Not many would question assertions that the stretch of I-95 between the Beltway and Fredericksburg is one of the most abysmal segments of roadway in the greater Washington area.
Express lanes that only go in the direction of rush hour are seldom of any assistance when, much to the chagrin of area drivers, “rush hour” on the aforementioned stretch applies to both directions throughout the greater part of each day.
The makeup of the I-95 express lanes has drawn the ire of many, including Fairfax County Board of Supervisors Chairman Jeff McKay, who, at a recent event hosted by the Dulles Area Transportation Association, said the lanes “should have never been built that way in the first place,” reported NBC Washington.
“They should have been built like the Beltway and like I-66,” McKay said, “and to me, the first thing we should be doing is pressing to get those express lanes going in both directions all day, every day.”
The issue has reportedly gained some traction, with McKay noting that county officials are “pressing hard to reconsider the Express Lanes on 95 and build them properly.”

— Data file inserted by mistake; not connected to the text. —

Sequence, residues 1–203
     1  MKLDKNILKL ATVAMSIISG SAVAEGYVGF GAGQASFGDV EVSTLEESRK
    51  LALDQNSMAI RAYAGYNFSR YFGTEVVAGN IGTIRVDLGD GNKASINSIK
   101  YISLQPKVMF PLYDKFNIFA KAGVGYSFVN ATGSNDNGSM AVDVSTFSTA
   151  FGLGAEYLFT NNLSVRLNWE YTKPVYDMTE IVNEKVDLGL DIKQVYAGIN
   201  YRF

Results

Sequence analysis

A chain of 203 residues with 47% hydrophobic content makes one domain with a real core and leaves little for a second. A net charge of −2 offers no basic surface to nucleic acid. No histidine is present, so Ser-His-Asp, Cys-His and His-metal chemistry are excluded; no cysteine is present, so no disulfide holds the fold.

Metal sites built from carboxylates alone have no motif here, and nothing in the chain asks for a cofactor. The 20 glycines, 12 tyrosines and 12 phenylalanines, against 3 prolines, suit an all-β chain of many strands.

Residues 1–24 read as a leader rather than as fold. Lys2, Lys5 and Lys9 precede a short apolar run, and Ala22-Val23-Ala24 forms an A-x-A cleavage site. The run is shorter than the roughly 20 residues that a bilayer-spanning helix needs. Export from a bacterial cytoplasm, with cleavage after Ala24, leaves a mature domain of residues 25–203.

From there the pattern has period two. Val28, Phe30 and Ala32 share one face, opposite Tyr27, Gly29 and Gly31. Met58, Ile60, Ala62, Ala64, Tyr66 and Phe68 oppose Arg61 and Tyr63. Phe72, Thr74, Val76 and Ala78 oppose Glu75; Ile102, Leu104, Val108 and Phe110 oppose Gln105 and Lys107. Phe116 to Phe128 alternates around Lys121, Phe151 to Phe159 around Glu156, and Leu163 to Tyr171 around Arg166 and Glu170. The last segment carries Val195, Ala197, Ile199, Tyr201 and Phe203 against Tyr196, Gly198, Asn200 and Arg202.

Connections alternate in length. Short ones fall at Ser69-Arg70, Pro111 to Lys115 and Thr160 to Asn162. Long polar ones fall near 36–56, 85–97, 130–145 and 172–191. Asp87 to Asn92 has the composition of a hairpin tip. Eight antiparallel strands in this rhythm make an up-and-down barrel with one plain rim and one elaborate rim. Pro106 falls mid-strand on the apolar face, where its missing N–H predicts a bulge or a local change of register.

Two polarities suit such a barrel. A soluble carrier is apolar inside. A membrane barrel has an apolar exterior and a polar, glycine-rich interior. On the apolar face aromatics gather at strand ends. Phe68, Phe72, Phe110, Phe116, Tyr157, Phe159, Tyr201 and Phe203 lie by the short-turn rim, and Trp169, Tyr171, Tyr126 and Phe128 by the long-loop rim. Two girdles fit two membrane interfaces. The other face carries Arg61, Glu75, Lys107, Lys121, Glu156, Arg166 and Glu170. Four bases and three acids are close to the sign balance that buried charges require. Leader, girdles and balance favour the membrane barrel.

McKay’s Prince William County counterpart, Board Chairman Ann Wheeler, echoed the desire to relieve the historically congested roadway.
“There is gonna be some focus on that I-95 corridor,” Wheeler said at the event. “Really has to be. … I drive by often and see stopped traffic going the other way.”
Whether multidirectional express lanes would require road widening, versus transforming the existing express lanes into continual north and south options, remains to be seen.
Officials from the current express lane operating agency, Transurban, acknowledged the discussion in a statement, saying they are “committed to continue working in partnership with Virginia to advance mobility improvements along the I-95 corridor that deliver congestion relief.”
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